Chrysler Group LLC, Ford Motor Co. and General Motors Co. said U.S. sales in August rose more than analysts estimated as new models such as the Dodge Dart and Ford Escape sent the market to its fastest sales pace since the government's "cash for clunkers" program.
Chrysler deliveries last month increased 14 percent from a year earlier, the Auburn Hills, Mich.-based company said in a statement. Ford sales rose 13 percent, and GM's climbed 10 percent. Honda Motor Co. and Toyota Motor Corp. deliveries surged 60 percent and 46 percent to also beat estimates.
The stronger-than-expected results from the five biggest sellers of cars and light trucks in the U.S. reflect continuing strength in the one sector of the economy that has held up as the recovery stumbles. The industry's rebound has spurred hiring at automobile assembly plants.
"This is an affirmation that the automotive market is strong," Alan Baum, principal of auto-industry forecaster Baum & Associates in West Bloomfield, Mich., said.
The U.S. automakers topped 10 analysts' average estimates of 9.9 percent for Chrysler, 8.5 percent for Ford and 3 percent for GM. Honda and Toyota exceeded seven analysts' average estimate for gains of 59 percent and 40 percent.
U.S. light-vehicle sales accelerated to a 14.5 million seasonally adjusted annualized rate, according to researcher Autodata Corp. That's the market's best sales pace since 14.6 million in August 2009, when the U.S. government offered incentives for buyers to exchange older vehicles for new models.
Chrysler, the automaker controlled by Fiat SpA, said deliveries of the Dart almost quadrupled from a month earlier to 3,045, helping extend its streak of U.S. sales gains to 29 months. CEO Sergio Marchionne is counting on a steady climb in demand for Dart, introduced in June, as Chrysler continues to update its lineup.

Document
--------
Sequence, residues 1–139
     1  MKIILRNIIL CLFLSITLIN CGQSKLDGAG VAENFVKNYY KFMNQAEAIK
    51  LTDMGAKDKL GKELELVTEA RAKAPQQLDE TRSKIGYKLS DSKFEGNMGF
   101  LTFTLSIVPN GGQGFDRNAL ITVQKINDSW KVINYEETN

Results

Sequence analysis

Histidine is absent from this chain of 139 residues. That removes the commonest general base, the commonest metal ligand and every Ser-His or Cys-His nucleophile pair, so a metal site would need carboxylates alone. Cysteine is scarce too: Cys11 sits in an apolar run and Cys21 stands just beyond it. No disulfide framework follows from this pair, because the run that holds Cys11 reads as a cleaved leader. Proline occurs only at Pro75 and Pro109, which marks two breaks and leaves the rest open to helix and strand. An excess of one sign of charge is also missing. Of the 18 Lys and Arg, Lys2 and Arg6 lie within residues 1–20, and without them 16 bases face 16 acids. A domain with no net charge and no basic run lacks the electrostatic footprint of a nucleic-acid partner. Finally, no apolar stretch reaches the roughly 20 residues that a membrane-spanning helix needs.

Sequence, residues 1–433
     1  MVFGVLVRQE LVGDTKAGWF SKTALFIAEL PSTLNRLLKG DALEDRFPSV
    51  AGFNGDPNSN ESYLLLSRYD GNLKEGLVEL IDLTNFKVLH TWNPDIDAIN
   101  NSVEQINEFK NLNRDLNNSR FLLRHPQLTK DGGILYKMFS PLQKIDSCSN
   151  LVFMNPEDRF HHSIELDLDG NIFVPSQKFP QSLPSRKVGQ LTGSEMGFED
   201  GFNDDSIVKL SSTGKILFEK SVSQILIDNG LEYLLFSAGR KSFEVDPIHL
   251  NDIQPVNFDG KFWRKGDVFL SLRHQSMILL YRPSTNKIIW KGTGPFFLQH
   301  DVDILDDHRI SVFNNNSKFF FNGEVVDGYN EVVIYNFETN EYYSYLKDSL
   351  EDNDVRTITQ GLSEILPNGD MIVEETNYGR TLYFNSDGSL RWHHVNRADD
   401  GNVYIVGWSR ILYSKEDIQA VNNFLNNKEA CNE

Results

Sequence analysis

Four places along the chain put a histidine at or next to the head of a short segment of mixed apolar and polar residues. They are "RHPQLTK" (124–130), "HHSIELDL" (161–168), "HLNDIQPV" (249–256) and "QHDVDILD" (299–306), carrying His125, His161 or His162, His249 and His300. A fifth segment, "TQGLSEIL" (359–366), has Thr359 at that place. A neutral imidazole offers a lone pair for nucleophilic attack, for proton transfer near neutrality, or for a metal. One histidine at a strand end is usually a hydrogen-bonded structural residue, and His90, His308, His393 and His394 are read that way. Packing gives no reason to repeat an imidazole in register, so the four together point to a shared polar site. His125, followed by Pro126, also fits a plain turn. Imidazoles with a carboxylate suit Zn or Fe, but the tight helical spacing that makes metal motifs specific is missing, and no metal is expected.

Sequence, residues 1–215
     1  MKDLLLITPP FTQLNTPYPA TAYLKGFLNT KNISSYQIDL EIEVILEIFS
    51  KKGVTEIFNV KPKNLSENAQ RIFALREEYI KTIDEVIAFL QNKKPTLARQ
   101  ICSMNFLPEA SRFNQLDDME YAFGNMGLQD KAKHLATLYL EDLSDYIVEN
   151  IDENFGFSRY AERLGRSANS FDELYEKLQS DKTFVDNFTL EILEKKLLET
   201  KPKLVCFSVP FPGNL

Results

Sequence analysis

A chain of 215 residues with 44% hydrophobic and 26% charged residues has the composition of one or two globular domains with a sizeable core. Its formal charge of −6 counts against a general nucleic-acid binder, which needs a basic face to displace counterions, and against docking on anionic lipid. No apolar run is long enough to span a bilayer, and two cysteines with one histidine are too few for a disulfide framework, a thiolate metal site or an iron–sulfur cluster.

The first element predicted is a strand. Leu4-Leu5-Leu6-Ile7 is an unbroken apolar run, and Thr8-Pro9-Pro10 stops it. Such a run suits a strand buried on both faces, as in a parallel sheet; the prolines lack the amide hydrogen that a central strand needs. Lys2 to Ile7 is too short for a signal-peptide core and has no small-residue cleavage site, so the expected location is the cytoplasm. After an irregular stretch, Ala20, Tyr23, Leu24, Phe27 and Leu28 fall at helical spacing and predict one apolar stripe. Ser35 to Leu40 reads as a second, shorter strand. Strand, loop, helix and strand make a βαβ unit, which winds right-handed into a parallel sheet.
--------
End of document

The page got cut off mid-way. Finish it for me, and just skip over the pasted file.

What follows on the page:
"We expect Chrysler to continue to gobble up incremental share in the compact-car segment," Alec Gutierrez, an analyst at Irvine, Calif.-based auto-market researcher Kelley Blue Book, said. "Chrysler is still trying to get enough selection of variety out to their dealers to satisfy demand. Their product portfolio has improved."
Nissan Motor Co. sales rose 7.6 percent, according to a statement. The Yokohama, Japan-based automaker said deliveries of the Altima, which is being updated for the 2013 model year, gained 12 percent to 25,889.
The Volkswagen brand sold 41,011 vehicles last month, a 63 percent increase from a year earlier, according to a statement. VW brand sales, the best August since 1973, were fueled by sales of the new Passat sedan, which rose to 10,090 last month compared with 314 a year earlier, the Wolfsburg, Germany-based company said in a statement. Combined VW and Audi sales totaled 375,142 vehicles through August.
Ford, which just introduced a new Escape small sport-utility vehicle, said sales of the model rose 37 percent to 28,188. Deliveries of F-Series pickups climbed 19 percent to 58,201, model line's best monthly total this year, according to a statement.
"There's nothing in our lineup that I have to apologize for," said Beau Boeckmann, vice president of Galpin Motors in Van Nuys, Calif. The dealership, Ford's largest in the U.S., had a 20 percent sales gain on the strength of new models.
U.S. auto sales are on pace to exceed 14 million for the industry's best total since 2007 and gain by at least 10 percent for the third-straight year. That's the first such streak since 1973.
Passenger-car deliveries climbed 28 percent to 650,576, topping the 13 percent gain in light-truck sales to 634,626, according to Autodata.